Lockheed Martin declared that the F-35 program had completed the “most comprehensive flight-test program in aviation history.” The last sortie in the System Development and Demonstration (SDD) phase took place from NAS Patuxent River, Maryland, on April 11, when F-35C CF-02 collected data on loads that are generated by external carriage of some weapons. According to the U.S. Government Accountability Office (GAO), the SDD phase has cost more than $60 billion, a 50 percent increase on that predicted when SDD started in December 2001 (in FY2017-adjusted dollars).
“Since the first flight of AA-1 in 2006, the developmental flight-test program has operated for more than 11 years mishap-free, conducting more than 9,200 sorties, accumulating over 17,000 flight hours, and executing more than 65,000 test points to verify the design, durability, software, sensors, weapons capability, and performance for all three F-35 variants,” said Vice Adm. Mat Winter, F-35 program executive officer.
“The F-35 flight-test program represents the most comprehensive, rigorous, and the safest developmental flight-test program in aviation history,” said Greg Ulmer, Lockheed Martin’s vice president and general manager of the F-35 program.
According to Lockheed Martin, more than 1,000 SDD flight test engineers, maintainers, pilots, and support personnel took the three variants of the F-35 to their full flight envelope to test performance and flying qualities. The test team conducted six at-sea detachments and performed more than 1,500 vertical landing tests on the F-35B variant. The developmental flight test team completed 183 weapon separation tests; 46 weapons delivery accuracy tests; and 33 mission effectiveness tests, which included numerous multi-ship missions of up to eight F-35s against advanced threats.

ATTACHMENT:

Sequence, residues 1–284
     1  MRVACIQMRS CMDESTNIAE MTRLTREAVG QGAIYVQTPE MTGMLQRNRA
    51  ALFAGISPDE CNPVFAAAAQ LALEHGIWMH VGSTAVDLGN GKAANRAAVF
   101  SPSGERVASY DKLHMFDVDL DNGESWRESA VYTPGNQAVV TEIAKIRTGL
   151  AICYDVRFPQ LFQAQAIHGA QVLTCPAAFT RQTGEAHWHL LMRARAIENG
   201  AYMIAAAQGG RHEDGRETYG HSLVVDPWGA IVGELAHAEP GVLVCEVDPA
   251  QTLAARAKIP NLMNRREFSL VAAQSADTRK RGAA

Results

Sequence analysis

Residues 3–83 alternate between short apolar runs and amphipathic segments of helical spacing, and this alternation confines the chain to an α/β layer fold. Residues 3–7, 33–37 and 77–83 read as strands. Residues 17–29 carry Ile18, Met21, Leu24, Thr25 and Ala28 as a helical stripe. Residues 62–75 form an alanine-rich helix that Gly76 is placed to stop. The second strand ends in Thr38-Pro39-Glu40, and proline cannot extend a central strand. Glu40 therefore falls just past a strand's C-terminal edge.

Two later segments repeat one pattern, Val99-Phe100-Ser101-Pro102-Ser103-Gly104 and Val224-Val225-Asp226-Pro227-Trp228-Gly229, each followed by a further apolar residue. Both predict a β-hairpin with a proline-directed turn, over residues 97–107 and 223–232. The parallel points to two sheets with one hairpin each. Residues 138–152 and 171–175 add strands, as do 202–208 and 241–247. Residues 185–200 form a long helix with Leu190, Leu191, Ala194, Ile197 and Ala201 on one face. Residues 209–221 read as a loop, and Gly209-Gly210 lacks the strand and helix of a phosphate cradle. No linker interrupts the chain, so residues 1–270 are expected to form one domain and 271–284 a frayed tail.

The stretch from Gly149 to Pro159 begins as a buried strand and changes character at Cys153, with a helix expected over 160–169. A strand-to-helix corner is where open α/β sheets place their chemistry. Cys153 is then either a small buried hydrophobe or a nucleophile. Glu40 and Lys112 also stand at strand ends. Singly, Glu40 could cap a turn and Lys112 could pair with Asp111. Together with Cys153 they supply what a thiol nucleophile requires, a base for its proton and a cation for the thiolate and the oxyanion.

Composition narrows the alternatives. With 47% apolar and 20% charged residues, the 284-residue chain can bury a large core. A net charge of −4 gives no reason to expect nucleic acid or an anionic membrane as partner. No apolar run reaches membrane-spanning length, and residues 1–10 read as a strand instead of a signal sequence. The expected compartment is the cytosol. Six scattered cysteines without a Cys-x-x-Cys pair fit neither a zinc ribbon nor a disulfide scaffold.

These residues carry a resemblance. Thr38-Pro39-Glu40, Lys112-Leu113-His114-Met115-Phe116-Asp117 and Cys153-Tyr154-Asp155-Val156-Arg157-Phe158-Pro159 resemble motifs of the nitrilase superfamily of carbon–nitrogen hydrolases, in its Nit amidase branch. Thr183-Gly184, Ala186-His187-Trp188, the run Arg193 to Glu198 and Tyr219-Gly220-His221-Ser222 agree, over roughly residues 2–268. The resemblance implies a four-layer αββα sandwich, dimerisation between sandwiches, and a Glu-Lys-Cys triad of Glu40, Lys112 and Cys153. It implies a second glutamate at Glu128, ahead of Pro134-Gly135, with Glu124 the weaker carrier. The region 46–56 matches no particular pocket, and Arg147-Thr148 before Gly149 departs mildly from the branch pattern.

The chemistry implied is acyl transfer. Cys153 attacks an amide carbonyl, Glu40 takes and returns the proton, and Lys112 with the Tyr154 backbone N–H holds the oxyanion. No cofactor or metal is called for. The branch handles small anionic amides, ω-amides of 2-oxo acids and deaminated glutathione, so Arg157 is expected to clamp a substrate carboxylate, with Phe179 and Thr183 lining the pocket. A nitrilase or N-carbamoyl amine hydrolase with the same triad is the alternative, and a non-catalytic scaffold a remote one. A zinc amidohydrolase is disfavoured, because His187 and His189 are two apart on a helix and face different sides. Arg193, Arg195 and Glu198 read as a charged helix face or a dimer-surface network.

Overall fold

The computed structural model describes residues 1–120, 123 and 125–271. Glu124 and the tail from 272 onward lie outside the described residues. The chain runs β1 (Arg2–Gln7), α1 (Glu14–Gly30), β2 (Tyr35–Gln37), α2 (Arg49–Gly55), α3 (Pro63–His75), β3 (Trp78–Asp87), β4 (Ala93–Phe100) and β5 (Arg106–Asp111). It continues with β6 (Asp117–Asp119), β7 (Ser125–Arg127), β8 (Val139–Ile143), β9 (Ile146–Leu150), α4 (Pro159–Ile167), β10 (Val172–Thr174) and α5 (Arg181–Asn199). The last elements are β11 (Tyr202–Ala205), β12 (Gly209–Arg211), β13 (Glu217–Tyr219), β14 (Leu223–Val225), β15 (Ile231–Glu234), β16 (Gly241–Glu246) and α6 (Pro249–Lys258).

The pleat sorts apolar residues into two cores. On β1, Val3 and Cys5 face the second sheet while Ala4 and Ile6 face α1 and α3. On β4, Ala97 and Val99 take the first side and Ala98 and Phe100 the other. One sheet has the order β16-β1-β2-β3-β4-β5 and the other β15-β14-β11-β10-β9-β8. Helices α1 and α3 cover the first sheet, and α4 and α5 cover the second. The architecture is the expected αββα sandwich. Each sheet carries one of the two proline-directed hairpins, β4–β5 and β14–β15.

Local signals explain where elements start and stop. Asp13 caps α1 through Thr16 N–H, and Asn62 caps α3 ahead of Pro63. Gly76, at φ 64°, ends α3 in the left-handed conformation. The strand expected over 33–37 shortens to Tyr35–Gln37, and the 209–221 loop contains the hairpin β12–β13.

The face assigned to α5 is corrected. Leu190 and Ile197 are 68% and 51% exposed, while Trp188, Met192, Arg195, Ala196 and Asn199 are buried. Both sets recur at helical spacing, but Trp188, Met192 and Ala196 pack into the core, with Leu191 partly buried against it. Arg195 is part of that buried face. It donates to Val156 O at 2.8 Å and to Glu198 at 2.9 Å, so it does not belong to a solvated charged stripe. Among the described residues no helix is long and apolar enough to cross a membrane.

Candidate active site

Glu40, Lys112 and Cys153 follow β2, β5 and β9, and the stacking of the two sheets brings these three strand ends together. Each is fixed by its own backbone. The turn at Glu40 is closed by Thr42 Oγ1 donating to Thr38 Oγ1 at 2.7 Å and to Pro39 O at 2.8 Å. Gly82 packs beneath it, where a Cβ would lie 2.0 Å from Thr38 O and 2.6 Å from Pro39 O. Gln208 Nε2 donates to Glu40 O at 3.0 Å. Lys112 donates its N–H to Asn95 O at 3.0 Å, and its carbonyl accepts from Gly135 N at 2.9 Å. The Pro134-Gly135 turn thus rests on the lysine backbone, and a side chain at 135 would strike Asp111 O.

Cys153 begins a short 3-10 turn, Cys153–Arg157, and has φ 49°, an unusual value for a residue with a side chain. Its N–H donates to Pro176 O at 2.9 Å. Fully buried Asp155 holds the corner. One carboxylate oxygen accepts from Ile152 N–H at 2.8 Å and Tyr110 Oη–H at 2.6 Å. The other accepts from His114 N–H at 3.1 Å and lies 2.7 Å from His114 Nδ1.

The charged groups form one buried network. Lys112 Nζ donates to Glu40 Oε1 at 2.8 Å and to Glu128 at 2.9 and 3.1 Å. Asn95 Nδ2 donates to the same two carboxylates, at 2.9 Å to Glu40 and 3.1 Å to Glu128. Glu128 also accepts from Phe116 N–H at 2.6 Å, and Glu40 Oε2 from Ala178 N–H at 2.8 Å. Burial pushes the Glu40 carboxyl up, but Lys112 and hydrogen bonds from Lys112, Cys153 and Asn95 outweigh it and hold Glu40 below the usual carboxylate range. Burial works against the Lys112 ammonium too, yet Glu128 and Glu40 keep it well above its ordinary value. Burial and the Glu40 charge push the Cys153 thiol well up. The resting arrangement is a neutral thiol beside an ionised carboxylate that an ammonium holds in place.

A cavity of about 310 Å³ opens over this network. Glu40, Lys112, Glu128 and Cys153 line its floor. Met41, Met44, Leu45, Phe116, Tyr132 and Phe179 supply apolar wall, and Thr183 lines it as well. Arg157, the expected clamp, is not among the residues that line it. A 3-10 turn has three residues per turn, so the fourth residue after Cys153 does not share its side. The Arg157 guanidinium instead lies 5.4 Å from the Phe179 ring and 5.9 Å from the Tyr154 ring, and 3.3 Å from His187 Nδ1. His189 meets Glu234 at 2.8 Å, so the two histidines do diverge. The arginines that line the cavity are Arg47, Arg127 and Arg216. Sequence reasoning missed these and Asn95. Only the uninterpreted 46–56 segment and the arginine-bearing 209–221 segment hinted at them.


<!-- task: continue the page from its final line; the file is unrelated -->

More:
Lockheed Martin noted that the SDD will not be formally completed until the Pentagon has performed an Operation Test and Evaluation (OT&E) and cleared the way for full-rate production (FRP). However, nearly 300 F-35s have already been delivered to six countries and 10 airbases. Lockheed Martin is currently working on the 10th low-rate initial production (LRIP) contract.
This “concurrency” has been a major criticism of the program, as now also is the recent revelation that further development under a program named continuous capability development and delivery (C2D2) will cost more than $11 billion during the next seven years. Lockheed Martin describes C2D2 as “phased capability improvements and modernization [to] the most survivable and connected aircraft ever built.” But C2D2 also includes some deferrals from the SDD program.
A key element of the C2D2 program is a further software upgrade designated Block 4. Aircraft are now being delivered with Block 3F software that was supposed to be definitive. However, in his latest report on the F-35 program, the Pentagon’s director of operational test and evaluation said that there are “many open deficiencies” in Block 3F.